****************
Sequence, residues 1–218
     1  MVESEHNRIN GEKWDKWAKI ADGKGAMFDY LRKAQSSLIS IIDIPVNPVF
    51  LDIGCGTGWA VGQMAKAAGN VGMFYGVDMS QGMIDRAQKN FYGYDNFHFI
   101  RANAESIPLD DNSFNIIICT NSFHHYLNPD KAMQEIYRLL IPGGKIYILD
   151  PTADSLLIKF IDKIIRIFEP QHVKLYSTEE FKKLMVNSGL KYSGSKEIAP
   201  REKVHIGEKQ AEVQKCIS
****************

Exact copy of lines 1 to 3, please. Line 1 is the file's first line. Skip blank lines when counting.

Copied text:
Sequence, residues 1–218
     1  MVESEHNRIN GEKWDKWAKI ADGKGAMFDY LRKAQSSLIS IIDIPVNPVF
    51  LDIGCGTGWA VGQMAKAAGN VGMFYGVDMS QGMIDRAQKN FYGYDNFHFI